Muslim Brotherhood military trial resumes in Egypt without outside observers Natalie Hrubos at 3:12 PM ET
[JURIST] The military trial of 40 senior members of the banned Muslim Brotherhood [party website; FAS backgrounder] resumed in Egypt Sunday despite criticism [press release] from Amnesty International [advocacy website] regarding the country's failure to allow independent observers into the courtroom. Amnesty also questioned the government's use of a military court to try civilians, saying that "Military courts cannot be seen as independent and impartial tribunals."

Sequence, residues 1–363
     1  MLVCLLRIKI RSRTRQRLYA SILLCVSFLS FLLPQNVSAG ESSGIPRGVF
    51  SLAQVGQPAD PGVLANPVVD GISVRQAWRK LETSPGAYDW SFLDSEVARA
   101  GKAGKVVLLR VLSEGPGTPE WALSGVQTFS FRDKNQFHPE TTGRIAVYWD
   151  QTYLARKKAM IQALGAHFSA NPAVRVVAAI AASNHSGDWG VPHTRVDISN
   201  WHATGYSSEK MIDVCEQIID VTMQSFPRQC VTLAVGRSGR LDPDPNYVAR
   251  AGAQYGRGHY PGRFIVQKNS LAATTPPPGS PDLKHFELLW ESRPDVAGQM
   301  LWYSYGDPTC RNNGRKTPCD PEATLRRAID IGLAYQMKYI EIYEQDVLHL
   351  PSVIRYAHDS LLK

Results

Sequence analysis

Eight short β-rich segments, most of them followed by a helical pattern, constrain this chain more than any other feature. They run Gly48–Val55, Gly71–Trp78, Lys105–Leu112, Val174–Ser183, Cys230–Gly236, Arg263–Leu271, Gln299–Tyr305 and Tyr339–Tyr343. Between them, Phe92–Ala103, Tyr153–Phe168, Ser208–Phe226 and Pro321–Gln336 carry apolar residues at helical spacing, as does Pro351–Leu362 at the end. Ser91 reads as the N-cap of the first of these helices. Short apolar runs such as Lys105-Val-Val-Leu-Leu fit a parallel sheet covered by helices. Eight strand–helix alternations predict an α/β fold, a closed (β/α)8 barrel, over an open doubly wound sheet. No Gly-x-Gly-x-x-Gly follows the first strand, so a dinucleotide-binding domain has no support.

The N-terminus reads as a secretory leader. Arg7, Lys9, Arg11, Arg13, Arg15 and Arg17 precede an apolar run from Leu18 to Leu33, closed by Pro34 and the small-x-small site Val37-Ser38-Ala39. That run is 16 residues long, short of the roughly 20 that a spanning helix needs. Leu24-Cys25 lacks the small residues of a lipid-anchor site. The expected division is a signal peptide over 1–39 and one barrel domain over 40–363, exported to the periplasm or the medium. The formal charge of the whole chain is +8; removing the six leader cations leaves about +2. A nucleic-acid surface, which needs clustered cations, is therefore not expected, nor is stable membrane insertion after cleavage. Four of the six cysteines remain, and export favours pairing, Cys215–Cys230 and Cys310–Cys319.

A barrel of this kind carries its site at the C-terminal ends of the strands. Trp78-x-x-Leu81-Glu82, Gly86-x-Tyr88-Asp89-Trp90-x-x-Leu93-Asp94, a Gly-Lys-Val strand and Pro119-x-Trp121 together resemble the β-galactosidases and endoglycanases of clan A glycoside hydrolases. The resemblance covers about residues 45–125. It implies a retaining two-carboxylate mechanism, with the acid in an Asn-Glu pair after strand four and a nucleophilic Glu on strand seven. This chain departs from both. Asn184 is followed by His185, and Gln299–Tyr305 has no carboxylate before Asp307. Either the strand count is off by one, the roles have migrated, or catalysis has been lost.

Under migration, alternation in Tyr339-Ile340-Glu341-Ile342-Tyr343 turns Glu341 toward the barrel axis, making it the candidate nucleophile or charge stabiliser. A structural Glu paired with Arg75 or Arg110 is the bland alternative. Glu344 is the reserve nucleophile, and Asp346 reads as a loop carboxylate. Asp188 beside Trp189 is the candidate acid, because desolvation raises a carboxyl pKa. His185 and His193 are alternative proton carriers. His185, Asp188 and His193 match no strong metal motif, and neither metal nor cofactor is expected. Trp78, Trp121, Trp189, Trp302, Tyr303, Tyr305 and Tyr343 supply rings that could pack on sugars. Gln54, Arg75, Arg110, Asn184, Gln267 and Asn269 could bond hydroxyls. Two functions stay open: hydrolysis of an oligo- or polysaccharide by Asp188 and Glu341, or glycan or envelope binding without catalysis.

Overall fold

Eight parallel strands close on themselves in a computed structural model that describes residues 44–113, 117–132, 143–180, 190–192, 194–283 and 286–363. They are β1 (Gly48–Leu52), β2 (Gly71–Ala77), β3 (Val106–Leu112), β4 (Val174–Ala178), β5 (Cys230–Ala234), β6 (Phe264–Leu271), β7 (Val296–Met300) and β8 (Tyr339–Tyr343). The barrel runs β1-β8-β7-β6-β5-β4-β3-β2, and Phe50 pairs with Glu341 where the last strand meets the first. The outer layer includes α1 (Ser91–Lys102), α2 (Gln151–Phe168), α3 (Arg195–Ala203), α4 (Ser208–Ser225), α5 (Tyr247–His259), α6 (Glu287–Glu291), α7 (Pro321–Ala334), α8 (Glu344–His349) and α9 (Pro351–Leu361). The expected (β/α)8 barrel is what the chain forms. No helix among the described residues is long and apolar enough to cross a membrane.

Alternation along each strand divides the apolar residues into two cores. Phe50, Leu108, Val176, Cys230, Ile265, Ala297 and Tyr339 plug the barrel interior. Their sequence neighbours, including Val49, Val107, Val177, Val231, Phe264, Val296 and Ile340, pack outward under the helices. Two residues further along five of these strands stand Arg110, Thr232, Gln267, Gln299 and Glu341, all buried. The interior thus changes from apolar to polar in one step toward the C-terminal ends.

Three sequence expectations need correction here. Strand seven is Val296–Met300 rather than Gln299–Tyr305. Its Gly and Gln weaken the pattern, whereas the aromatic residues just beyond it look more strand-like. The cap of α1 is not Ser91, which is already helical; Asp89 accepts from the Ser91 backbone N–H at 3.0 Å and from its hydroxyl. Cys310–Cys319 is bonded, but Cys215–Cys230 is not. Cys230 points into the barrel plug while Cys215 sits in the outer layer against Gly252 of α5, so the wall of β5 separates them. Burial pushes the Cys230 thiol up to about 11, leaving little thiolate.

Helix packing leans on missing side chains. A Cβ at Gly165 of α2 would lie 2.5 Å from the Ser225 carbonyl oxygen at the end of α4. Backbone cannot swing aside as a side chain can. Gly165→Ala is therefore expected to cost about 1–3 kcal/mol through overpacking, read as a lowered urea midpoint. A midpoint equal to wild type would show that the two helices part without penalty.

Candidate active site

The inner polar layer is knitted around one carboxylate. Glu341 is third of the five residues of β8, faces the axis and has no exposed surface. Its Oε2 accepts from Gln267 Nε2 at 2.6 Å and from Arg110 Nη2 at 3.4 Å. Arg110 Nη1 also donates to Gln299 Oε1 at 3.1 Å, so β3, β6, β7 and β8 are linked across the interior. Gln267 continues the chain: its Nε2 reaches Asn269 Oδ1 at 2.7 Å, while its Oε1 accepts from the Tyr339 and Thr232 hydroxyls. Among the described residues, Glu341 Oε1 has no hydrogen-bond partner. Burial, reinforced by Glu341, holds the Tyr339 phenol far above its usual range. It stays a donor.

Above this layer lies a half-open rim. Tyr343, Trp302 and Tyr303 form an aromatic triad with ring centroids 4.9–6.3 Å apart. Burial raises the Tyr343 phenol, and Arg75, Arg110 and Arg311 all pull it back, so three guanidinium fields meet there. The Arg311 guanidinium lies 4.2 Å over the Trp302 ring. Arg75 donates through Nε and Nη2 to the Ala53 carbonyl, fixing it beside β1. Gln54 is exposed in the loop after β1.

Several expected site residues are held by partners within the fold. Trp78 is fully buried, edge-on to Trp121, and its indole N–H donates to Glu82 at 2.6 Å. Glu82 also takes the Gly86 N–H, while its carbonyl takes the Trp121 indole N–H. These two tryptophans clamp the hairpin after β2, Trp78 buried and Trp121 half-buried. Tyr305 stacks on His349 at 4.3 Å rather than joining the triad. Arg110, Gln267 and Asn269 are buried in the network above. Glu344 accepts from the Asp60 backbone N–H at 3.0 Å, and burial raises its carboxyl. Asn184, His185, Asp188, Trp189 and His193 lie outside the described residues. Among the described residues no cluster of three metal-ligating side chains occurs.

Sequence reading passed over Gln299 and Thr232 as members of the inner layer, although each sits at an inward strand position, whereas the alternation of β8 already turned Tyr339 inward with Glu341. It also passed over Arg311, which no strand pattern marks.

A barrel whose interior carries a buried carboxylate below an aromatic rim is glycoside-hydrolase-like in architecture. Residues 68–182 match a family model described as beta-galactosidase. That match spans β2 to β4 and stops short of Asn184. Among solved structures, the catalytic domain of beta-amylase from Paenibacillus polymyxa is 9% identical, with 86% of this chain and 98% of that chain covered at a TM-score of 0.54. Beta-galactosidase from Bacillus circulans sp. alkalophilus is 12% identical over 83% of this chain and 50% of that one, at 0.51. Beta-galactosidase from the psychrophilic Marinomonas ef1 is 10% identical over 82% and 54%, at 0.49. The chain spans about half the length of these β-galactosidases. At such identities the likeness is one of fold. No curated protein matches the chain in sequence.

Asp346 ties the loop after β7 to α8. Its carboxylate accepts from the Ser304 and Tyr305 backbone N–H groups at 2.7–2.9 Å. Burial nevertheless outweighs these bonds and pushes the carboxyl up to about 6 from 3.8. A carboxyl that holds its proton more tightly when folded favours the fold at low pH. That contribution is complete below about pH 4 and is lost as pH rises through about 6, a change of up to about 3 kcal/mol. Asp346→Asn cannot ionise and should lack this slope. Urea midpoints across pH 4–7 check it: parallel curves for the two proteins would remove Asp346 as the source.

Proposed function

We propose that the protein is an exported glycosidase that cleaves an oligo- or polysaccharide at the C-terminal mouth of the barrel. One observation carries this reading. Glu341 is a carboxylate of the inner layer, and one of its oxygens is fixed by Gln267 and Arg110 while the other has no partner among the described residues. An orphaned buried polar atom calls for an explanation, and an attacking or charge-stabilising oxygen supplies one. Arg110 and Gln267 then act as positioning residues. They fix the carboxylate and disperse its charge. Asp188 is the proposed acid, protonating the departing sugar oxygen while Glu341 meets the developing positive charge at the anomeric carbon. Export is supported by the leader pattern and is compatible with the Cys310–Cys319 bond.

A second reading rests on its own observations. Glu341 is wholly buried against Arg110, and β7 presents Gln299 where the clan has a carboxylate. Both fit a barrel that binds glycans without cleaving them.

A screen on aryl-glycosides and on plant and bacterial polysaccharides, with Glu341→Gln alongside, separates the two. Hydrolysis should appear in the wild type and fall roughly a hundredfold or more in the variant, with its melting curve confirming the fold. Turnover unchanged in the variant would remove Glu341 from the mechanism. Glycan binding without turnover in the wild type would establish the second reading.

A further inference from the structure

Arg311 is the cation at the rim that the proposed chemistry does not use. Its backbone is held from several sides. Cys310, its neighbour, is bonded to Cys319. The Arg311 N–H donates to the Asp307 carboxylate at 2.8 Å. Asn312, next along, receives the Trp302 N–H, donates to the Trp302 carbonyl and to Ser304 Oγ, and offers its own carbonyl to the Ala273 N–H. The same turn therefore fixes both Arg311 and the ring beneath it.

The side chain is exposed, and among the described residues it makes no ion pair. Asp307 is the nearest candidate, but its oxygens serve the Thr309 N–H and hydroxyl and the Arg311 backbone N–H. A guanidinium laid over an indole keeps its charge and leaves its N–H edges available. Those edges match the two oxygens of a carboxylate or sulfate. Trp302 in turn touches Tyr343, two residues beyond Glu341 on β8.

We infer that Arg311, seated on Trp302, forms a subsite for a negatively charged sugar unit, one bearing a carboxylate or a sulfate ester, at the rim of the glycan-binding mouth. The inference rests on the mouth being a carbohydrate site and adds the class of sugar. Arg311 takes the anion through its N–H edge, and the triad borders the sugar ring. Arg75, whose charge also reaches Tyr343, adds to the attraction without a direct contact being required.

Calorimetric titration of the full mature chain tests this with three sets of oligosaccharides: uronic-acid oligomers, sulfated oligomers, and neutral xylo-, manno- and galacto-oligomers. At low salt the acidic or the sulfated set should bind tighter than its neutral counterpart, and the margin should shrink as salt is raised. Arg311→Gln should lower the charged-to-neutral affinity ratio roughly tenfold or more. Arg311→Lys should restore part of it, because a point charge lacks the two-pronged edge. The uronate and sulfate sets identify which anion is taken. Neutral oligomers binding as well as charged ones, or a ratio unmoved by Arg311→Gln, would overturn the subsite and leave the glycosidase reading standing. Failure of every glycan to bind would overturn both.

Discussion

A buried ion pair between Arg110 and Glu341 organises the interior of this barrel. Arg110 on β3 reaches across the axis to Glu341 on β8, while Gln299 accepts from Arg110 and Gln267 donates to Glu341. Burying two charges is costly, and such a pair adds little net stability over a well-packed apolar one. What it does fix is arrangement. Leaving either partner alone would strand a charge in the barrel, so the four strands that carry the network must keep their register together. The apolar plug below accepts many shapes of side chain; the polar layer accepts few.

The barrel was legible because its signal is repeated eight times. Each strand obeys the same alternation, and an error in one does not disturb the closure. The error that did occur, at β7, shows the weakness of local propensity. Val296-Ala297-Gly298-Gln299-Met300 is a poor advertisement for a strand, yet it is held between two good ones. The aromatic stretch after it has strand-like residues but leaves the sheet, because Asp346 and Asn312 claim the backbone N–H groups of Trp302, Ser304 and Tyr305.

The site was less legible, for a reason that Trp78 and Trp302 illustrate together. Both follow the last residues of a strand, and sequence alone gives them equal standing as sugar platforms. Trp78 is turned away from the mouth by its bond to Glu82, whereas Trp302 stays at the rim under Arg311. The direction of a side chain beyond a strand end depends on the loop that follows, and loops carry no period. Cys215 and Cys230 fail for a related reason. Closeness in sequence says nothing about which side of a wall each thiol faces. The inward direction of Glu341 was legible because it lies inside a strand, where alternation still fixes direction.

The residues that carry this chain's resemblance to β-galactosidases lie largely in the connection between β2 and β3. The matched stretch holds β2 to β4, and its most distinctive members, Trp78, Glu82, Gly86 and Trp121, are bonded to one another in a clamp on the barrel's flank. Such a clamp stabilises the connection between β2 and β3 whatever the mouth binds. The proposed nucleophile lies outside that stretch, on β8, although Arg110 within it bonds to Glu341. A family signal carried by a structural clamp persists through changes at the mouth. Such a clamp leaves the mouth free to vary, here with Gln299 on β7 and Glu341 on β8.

The 40 defendants, including Khairat al-Shatir [BBC report], deputy guide of the Muslim Brotherhood, have been charged with terrorism and money-laundering. They were initially acquitted of all charges in January in a criminal court in Cairo, but were rearrested shortly after their release. The Muslim Brotherhood holds 88 seats in the 454-seat Egyptian parliament and is the largest opposition party. Its members run officially as independents because the Muslim Brotherhood has been banned in Egypt since 1954. AFP has more.
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